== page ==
Slater finishes Bemelmans-inspired mural in Saint Andrews café

By Heather Knight

Jeff Lively photo Local artist Geoff Slater in the room at Drewhaven Town and Country where he just finished a Ludwig Bemelmans-inspired mural.

SAINT ANDREWS – A new mural is bringing the town of Saint Andrews to life.

Geoff Slater has created murals throughout Charlotte County, leaving various towns with art pieces that capture the feeling you get when visiting or living there.

Now, the local artist has done the same thing at Drewhaven Town and Country.

Lee Wells, owner of Drewhaven, approached Slater to propose the special project. Slater began work on the mural this past November. Wells, a renowned interior designer, wanted the décor of the café and lounge area in Drewhaven to compliment the space.

The vision for the mural was to capture the ambience of Bemelmans Bar in New York City.

Named after Ludwig Bemelmans, artist and author of the Madeline book series, the bar located in the Carlyle Hotel is the last public display of his work, according to Slater.

“It creates a magical feel,” said the artist. The idea wasn’t to duplicate Bemelmans’ work, but rather duplicate the feeling it inspires.

“It created a dilemma for me as an artist,” Slater said.

Artists live to create. Many find their own unique touches to add to their work and make it theirs. While the project still allowed for creativity, it challenged Slater to step into the head space of an artist who created very different murals from his own.

“It’s not a style I work in at all,” he said. “You kind of have to humble yourself to the process.”

Bemelmans’ work is witty and quick, which is nearly the exact opposite of the slower pace Slater described his work involving.

Learning more about the man behind the murals was a part of the process Slater really enjoyed. While he knew of Bemelmans’ work, he wasn’t incredibly well-acquainted with it.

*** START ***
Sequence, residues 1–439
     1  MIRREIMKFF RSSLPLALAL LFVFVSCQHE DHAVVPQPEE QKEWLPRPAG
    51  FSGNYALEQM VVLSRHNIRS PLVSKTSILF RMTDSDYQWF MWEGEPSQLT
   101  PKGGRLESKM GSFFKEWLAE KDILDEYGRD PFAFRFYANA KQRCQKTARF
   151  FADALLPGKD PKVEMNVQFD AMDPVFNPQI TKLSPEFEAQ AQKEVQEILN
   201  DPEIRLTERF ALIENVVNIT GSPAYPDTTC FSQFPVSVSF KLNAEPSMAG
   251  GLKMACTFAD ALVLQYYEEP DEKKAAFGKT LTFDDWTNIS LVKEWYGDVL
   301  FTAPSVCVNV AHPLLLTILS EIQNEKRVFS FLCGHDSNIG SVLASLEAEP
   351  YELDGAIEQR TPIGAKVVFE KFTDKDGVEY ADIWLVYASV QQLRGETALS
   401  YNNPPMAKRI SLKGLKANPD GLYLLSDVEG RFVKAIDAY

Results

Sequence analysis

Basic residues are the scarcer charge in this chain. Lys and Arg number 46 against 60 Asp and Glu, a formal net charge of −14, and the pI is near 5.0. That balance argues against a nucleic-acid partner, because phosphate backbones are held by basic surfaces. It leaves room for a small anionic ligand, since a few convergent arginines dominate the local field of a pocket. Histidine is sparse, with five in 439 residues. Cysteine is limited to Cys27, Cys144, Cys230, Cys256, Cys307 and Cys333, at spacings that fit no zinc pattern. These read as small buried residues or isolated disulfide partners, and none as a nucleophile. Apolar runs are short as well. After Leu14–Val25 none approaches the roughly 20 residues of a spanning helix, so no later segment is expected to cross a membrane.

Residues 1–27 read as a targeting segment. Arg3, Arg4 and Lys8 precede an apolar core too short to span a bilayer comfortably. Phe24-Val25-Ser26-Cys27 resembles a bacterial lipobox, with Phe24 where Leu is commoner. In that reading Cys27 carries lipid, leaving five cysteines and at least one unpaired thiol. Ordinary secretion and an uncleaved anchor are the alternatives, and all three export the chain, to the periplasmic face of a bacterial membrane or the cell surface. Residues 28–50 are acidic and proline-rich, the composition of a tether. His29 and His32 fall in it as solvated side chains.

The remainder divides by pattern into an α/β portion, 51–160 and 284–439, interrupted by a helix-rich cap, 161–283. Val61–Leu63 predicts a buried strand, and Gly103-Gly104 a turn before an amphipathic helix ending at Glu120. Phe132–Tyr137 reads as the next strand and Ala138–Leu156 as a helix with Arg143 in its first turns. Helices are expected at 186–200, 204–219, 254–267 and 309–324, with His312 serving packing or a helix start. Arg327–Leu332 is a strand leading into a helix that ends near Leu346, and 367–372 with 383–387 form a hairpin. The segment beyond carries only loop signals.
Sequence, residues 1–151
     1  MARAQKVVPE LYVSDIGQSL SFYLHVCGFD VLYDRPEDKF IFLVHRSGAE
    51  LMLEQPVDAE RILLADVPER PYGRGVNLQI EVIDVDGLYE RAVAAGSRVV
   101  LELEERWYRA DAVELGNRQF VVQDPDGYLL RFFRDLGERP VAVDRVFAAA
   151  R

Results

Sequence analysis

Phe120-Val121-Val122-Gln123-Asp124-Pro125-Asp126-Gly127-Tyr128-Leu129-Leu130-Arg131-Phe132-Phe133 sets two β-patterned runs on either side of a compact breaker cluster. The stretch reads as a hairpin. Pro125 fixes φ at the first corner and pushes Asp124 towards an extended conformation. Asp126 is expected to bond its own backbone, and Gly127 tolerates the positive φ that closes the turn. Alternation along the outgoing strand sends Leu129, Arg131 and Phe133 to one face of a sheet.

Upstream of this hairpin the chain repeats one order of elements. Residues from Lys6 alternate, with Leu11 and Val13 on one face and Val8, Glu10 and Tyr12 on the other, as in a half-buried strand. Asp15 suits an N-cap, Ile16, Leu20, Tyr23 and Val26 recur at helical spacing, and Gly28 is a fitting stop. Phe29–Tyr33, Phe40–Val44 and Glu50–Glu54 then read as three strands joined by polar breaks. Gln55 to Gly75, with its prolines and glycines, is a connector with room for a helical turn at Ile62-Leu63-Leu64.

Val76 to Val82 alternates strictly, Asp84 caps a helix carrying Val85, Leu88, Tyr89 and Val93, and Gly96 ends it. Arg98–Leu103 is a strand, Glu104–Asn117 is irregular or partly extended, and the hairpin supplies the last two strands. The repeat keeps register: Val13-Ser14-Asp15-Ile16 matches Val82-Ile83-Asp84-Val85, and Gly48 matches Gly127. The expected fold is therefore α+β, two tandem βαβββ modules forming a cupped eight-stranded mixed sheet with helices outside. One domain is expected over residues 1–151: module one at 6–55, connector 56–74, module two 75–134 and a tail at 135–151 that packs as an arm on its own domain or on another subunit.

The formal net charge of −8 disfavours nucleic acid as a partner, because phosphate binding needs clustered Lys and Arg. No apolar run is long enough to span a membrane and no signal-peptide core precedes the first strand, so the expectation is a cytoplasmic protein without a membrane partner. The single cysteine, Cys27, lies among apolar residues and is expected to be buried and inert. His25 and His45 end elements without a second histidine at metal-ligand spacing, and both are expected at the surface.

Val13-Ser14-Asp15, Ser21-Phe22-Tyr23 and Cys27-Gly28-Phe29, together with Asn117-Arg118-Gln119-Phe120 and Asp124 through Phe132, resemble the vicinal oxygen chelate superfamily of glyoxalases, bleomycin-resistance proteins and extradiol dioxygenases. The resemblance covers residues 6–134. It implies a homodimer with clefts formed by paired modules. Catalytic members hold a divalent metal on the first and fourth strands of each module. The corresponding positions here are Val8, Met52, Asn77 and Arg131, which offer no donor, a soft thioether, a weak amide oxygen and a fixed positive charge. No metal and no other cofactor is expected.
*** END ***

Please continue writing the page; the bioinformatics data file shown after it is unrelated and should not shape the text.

“I really enjoyed unpacking that,” said the artist.

The mural captures Bemelmans’ “done in a flash” style across the nine-foot-high walls in the 30 by 35-foot room.

“I think I’ve found that common ground that makes it different enough to call my own,” said Slater.

Going back to the basics and setting aside his own style is something he thinks may have even helped improve his own process.

The mural depicts a summer in Saint Andrews including different community members, significant buildings, common animals of the area, and even some pets from the community, among other features intended to make Saint Andrews feel even more special.

“They’ll have to figure out who they are,” Slater said, referring to those captured in the mural. “That garden feel is very much a part of Saint Andrews and this mural. Deer have definitely made their way into it, too.”

Bemelmans’ work has many moving parts, adding to the level of difficulty involved with capturing the specific ambience Slater and Wells envisioned. Slater described seeing all the pieces come together to beginning to create a cohesive art piece as reaching the sweet spot.

The timeless floor to ceiling mural incorporates décor, furniture, and doors, making it blend seamlessly in the room.

“We want people 50 years from now to enjoy it like they do Bemelmans’,” said Slater. “It’s about the place and the love people have for it. Hopefully we’ve captured that.”